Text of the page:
Sher­iff: Abuse video should have been turned in ear­lier

Un­der­cover in­ves­ti­ga­tor was try­ing to get to other parts of farm, group says.

The Palm Beach Post - - LOCAL & BUSINESS - By Su­san Sal­is­bury Palm Beach Post Staff Writer

The un­der­cover an­i­mal cru­elty in­ves­tiga­tive group that recorded al­leged abuse at Lar­son Dairy should have given the video to the sher­iff ’s of­fice sooner in­stead of con­tin­u­ing to record at the farm for three weeks, Okeechobee County Sher­iff Noel Stephen said Mon­day.

A sur­veil­lance video re­leased Thurs­day by An­i­mal Re­cov­ery Mis­sion of Miami Beach shot at Lar­son Dairy shows work­ers kick­ing cows in the head and torso, punch­ing their ud­ders and beat­ing them with a steel rod in­side the barn and milk­ing stalls.

The case is un­der in­ves­ti­ga­tion, Stephen said. No ar­rests have been made, al­though one of the three work­ers shown mis­treat­ing the cows has been fired and two have been sus­pended.

Stephen said he watched the video fol­low­ing a press con­fer­ence he held Thurs­day at 3:15 p.m. Ear­lier that same day, at 11:30 a.m., Stephen re­ceived a FedEx en­ve­lope that in­cluded still pho­tos and the video that showed three in­di­vid­u­als kick­ing and hit­ting cows, some­times with a weapon, at Lar­son Dairy.

“I re­ally wish the in­di­vid­u­als who recorded the video would have given the video to OCSO at the time, be­cause the abuse prob­a­bly con­tin­ued, un­nec­es­sar­ily, up

un­til that time. It was un­for­tu­nately pub­li­cized be­fore it was ever re­ported,” Stephen said in a state­ment.

“Ac­cord­ing to what has been re­ported, the An­i­mal Re­cov­ery Mis­sion had three weeks of un­der­cover in­ves­ti­gat­ing they con­ducted. Had this al­leged abuse been brought to our at­ten­tion, my deputies and de­tec­tives could have re­solved this is­sue then,” Stephen said.

Richard “Kudo” Couto, ARM’s founder and lead in­ves­ti­ga­tor, said Mon­day the sher­iff, an elected of­fi­cial, is try­ing to shift blame.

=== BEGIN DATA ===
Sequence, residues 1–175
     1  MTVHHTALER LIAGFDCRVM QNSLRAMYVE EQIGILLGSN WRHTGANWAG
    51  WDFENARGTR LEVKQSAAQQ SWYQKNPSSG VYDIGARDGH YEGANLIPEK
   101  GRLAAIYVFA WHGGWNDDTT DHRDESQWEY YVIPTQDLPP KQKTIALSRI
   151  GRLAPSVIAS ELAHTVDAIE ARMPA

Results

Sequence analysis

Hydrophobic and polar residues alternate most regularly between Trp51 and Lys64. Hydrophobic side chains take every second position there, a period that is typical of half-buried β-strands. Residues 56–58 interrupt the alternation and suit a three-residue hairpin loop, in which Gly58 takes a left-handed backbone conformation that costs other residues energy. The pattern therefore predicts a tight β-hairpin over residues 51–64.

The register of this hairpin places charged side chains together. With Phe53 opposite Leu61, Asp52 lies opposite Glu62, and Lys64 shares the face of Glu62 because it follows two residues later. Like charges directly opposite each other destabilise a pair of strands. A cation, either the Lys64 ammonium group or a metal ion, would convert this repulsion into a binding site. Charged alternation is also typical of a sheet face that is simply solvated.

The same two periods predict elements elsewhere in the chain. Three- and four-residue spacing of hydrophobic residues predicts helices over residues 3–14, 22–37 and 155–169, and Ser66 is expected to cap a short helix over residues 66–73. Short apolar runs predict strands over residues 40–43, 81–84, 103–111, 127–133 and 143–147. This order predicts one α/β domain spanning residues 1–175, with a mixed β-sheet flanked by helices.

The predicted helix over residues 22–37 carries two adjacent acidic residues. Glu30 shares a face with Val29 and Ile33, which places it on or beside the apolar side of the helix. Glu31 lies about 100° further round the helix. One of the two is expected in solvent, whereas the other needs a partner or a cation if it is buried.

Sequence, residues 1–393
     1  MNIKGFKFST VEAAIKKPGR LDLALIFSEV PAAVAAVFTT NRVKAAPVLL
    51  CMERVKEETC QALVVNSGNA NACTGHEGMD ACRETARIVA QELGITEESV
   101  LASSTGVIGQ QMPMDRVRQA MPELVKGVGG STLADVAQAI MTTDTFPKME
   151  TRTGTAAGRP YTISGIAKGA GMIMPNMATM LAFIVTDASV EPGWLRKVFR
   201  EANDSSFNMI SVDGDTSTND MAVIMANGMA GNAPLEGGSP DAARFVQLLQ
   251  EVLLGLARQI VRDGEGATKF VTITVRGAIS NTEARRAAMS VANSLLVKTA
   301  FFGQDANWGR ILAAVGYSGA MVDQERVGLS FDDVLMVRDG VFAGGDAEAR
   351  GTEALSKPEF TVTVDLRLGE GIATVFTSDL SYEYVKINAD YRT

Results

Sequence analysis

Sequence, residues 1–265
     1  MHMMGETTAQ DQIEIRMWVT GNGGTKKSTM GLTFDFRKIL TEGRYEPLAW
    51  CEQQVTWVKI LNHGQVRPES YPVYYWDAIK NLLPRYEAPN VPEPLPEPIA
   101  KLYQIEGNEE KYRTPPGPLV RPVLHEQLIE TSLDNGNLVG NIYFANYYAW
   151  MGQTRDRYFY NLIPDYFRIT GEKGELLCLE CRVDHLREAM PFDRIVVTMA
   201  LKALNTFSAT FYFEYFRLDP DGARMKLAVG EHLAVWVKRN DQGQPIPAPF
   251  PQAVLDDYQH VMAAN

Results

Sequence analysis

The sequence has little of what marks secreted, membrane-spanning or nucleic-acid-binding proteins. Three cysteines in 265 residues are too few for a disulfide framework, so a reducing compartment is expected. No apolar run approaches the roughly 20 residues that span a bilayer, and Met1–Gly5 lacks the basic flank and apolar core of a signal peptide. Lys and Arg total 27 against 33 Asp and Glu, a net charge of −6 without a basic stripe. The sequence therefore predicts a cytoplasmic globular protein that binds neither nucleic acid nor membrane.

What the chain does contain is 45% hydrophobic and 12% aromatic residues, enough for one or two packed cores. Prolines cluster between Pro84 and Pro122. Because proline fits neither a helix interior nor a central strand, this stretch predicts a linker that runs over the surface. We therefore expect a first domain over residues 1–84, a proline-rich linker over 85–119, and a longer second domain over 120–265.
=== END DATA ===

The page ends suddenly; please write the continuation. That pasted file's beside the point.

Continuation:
Couto said the un­der­cover in­ves­ti­ga­tor, who ob­tained em­ploy­ment at the dairy in Au­gust, con­tin­ued to record the ac­tiv­i­ties in the barn while try­ing un­suc­cess­fully to gain ac­cess to other ar­eas, such as the birthing and downer cow ar­eas. A downer cow is one who can no longer stand on its own and is usu­ally killed.

“We had a lot of leads com­ing in to us from em­ploy­ees at Lar­son and from con­trac­tors who do busi­ness with Lar­son who said there was com­pa­ra­ble cru­elty in other ar­eas of the prop­erty, other than the milk­ing barn,” Couto said Mon­day.

“This com­pany has about nine mon­ster lo­ca­tions,” Couto said. “As un­der­cover in­ves­ti­ga­tors we would not have been do­ing our job un­less we looked into other lo­ca­tions.”

On Mon­day, Stephen re­it­er­ated what he said last week — he has known the Lar­son fam­ily for years, and they would not con­done such be­hav­ior.

“I was in con­tact with two of the farm’s own­ers, Woody and Ja­cob Lar­son. The Lar­sons wel­comed the in­ves­ti­ga­tion. Had they known about it (al­leged abuse), they would have fired them on the spot. One of the em­ploy­ees in the pic­tures was fired and two more were sus­pended pend­ing an in­ves­ti­ga­tion by the dairy farm. In my 30 years work­ing at the Sher­iff ’s Of­fice we have never re­ceived any in­nu­en­dos, com­plaints or al­le­ga­tions in re­gards to the Lar­sons them­selves. The dairy op­er­a­tions will con­tinue be­cause th­ese cat­tle have to be milked twice a day or they will get sick,” Stephen said.

Nigel Cook, a Univer­sity of Wis­con­sin-Madi­son pro­fes­sor in Food An­i­mal Pro­duc­tion Medicine and depart­ment chair in the School of Vet­eri­nary Medicine, was sent a link to the video by The Palm Beach Post.

“The be­hav­ior it shows is in­de­fen­si­ble and can­not be tol­er­ated on our farms,” Cook said. “Milk­ers bran­dish­ing re­bar, hit­ting pok­ing and stab­bing cows and punch­ing ud­ders is shock­ing and not typ­i­cal of the dairy in­dus­try as a whole — I wouldn’t work in such an in­dus­try.”

Cook said an an­i­mal stressed in this man­ner would not let her milk down in the par­lor and the farm would go out of busi­ness.

“The fact that the owner states that he did not know what is go­ing on is also un­ac­cept­able. Work­ers on Dairy Farm au­dited herds are re­quired to be trained in an­i­mal han­dling by man­age­ment and sign a form to guar­an­tee their gen­tle treat­ment of an­i­mals on the farm. Poor su­per­vi­sion and train­ing of work­ers is not ac­cept­able at any level and it is clear that th­ese milk­ers did not know what they were do­ing and their poor han­dling skills made things far worse,” Cook said.

Cook added, “I am con­cerned that with fewer and fewer milk­ers avail­able to milk the cows in the U.S. dairy in­dus­try be­cause of the cur­rent im­mi­gra­tion cli­mate we may see more poorly qual­i­fied in­di­vid­u­als work­ing on our farms and an in­crease in th­ese types of in­ci­dents.”

CON­TRIB­UTED

Video pro­vided by An­i­mal Re­cov­ery Mis­sion, an an­i­mal cru­elty in­ves­tiga­tive group, shows an em­ployee of Lar­son Dairy in Okeechobee County kick­ing a cow.

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